Gluten Free

Going Gluten-Free

If you’ve been told by your doctor to remove gluten from your diet, it can be confusing as to what that actually means. It also depends on why your doctor is recommending you to do so. If you have been diagnosed with Celiac disease (an autoimmune disease that affects <2% of the population) you will need to indefinitely remove all gluten and traces of gluten from your diet and kitchen. If your doctor suspects that you have a sensitivity or adverse reaction to gluten, they may recommend an elimination diet to see if your symptoms improve. You may not need to be as strict as stated above, as food sensitivities are often dose-dependent (even reducing the amount and frequency of gluten in your diet-without strict elimination-can be helpful in reducing inflammatory reactions in the body). It’s best to talk to your dietitian before starting an elimination diet of any kind.

What is gluten?

But what is gluten anyway? Gluten is a family of proteins that is found in wheat, rye and barley and all of the products that are made from them. You will find it in anything that contains wheat flour (pasta, bread and most baked goods), beer, and many cereals. Gluten is also used as a thickener in sauces and salad dressings. Although oats do not contain gluten, they are often grown near wheat crops or processed on the same equipment, so they can be cross contaminated. Finally, gluten can be hidden in some foods such as soy sauce or any product that contains malt. The best thing to do is to check labels carefully to see the ingredients. Just because a product doesn’t contain wheat does not necessarily mean it is gluten-free.

Is a gluten free diet healthier?

Although many people believe that gluten-free diets are healthier than a traditional diet, this isn’t necessarily true. Eating processed foods, whether they are gluten-free or not, may not be a healthy choice. Ideally, if you need to take gluten out of your diet, you will replace foods that you previously ate that have gluten with non-processed foods like fruits, vegetables and other grains. Although grocery stores now stock plenty of gluten-free crackers, cereals and pastas, your best bet is to start by trying to eat more whole foods from the produce section and then save those pre-packaged foods for occasional meals. There are also plenty of grains and starchy foods that are naturally gluten-free like quinoa, rice, corn, potatoes and beans.

Dining out gluten free

Dining out can be challenging if you are gluten-free, especially at the beginning. But more and more restaurants are listing gluten-free items on their menu and almost all restaurants can accommodate your diet. For example, Chik-Fil-A now offers a gluten-free bun. Local restaurants like Divine 12 Café in Cockeysville and Points South Latin Kitchen in Fells Point are totally gluten-free restaurants. For more local resources and events around Baltimore, head over to baltimoreglutenfree.com!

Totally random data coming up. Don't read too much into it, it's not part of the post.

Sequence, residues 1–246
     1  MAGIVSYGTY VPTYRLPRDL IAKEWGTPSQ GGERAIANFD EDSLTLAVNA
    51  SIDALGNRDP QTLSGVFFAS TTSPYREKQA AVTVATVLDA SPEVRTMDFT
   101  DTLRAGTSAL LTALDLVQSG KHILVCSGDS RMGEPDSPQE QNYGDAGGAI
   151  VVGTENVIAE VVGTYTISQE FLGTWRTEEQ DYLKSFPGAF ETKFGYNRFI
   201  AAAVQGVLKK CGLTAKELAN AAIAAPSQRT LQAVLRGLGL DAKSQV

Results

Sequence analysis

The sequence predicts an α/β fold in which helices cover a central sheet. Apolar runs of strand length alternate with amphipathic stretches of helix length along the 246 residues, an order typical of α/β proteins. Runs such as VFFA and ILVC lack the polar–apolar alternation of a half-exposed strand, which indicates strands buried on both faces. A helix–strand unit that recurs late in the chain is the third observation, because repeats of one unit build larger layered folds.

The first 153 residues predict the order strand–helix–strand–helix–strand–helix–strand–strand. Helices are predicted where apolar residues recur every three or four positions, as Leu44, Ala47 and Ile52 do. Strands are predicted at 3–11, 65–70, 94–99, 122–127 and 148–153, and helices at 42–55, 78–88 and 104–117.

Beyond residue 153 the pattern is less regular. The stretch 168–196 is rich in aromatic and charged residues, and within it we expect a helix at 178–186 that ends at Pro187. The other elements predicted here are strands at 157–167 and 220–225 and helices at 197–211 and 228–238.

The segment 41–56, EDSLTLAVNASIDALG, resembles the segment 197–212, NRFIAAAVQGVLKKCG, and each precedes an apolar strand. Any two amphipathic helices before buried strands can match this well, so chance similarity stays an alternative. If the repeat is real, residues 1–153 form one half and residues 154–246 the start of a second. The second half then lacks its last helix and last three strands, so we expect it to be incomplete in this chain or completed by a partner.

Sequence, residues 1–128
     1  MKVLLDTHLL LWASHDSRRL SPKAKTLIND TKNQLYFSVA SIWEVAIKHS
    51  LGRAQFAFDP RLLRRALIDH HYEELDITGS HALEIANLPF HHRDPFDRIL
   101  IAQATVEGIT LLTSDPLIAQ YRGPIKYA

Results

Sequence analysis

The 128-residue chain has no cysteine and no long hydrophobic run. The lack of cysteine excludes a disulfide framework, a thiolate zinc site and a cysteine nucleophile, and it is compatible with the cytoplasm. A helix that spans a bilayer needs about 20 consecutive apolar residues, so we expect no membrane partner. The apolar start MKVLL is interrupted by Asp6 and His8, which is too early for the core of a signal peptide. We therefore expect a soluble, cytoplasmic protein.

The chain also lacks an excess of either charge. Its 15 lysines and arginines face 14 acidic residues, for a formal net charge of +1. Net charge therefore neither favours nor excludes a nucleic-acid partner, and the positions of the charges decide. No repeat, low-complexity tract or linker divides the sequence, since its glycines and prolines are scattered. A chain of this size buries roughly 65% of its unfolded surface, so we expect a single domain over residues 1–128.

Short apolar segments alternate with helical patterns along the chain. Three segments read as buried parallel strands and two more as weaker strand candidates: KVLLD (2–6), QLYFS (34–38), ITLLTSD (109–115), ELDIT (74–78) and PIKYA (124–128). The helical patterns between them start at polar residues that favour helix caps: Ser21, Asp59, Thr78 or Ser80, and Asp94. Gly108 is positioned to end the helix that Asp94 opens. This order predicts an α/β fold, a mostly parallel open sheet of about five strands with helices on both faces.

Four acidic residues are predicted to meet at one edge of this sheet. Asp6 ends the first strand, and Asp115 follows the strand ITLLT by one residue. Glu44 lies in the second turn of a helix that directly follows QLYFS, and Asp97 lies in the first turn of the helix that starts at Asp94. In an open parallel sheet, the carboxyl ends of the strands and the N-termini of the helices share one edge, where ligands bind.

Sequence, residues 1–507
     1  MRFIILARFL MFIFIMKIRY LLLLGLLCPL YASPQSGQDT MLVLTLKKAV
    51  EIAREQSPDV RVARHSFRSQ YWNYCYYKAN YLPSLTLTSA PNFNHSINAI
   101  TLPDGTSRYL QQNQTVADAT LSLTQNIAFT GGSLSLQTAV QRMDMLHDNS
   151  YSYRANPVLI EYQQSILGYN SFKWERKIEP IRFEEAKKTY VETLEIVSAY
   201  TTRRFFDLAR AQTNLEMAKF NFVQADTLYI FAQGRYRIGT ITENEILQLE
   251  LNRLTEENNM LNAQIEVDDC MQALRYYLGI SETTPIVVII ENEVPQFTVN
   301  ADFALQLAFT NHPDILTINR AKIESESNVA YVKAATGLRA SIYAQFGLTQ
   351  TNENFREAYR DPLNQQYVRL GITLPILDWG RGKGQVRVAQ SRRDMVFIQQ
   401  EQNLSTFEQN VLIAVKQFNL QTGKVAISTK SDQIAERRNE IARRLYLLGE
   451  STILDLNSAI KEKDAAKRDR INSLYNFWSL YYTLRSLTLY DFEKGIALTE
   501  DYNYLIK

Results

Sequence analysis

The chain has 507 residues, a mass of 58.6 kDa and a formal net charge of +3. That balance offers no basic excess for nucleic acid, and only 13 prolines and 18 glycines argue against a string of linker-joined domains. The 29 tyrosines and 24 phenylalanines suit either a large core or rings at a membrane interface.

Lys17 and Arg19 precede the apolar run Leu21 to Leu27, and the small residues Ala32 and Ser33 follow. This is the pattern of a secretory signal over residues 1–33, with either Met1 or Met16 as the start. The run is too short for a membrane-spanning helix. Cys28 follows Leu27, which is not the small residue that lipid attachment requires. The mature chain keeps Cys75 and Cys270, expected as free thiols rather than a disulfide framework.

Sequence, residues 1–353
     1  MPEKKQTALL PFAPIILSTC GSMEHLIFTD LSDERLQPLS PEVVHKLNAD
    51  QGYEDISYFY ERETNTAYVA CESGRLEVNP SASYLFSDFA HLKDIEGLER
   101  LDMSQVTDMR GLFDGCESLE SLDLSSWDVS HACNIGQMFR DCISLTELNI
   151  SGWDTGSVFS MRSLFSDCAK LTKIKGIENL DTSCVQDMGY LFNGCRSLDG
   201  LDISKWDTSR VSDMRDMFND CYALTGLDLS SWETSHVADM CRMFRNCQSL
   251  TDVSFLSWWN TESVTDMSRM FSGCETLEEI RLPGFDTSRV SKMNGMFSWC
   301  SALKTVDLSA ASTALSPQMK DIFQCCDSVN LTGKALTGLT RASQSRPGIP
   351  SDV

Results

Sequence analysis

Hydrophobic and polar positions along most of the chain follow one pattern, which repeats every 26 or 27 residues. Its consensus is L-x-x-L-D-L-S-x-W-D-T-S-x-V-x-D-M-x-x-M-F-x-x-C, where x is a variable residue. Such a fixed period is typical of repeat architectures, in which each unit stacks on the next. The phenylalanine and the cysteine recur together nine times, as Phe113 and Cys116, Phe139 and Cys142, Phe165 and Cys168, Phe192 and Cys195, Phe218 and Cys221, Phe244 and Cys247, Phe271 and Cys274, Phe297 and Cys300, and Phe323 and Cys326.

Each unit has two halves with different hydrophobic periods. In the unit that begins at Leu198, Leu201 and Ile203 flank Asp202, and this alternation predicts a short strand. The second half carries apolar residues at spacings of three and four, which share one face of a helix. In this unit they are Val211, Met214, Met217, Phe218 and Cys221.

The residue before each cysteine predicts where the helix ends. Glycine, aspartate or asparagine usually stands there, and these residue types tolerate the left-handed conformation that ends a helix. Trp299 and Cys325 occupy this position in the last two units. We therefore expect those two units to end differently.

If you’re cooking at home, there are lots of options for making delicious gluten-free meals. Many meal planning r offer customizable meal plans with recipes and a grocery list specially for a gluten-free diet. There’s also plenty of ways to get creative in the kitchen! For example, you can try zoodles (zucchini “noodles”) in place of pasta for spaghetti dishes or try cornmeal or almond meal as breading for your favorite baked chicken recipe. Here is a tasty alternative to traditional pizza that is mostly veggies:

Cauliflower Pizza Crust


  • 1 Medium head of cauliflower or 5-6 cups of store bought cauliflower rice
  • 1 egg
  • 1 tsp dried oregano or basil
  • 1/8 tsp salt
  • 1/4 tsp black pepper
  • 1/2 cup grated/shredded Parmesan or Mozzarella cheese
  • Cooking spray


  1. Preheat oven to 375 degrees F and line baking sheet with parchment paper. 
  2. Rinse cauliflower, remove the outer leaves, separate into florets and chop into smaller pieces. Process in a food processor until “rice” texture forms (skip if using store-bought “rice”). Transfer cauliflower rice on a prepared baking sheet and bake for 15 mins.
  3. Remove cooked cauliflower rice from the oven, transfer to a bowl lined with a double/triple layered cheesecloth or linen towel, and let cool for 5 minutes. Then gather the corners of the cheesecloth or towel and squeeze the liquid out of the cauliflower as hard as you can. Be patient and do this a few times until barely any liquid comes out. This is the key to a crispy cauliflower crust.
  4. Increase oven temperature to 450 degrees F. In a mixing bowl, whisk the egg with dried herbs, salt and pepper for 10 seconds. Add cheese and squeezed cauliflower; mix very well with spatula until combined.
  5. Line same baking sheet with new parchment paper and spray with cooking spray. Transfer “dough” in the middle and flatten with your hands until thin pizza crust forms.
  6. Bake for 20 minutes, carefully flip with spatula and bake for a few more minutes. Top with your favorite toppings and bake again until cheese on top turns golden brown. Slice and enjoy.

Recipe reprinted from ifoodreal.com

Cauliflower pizza

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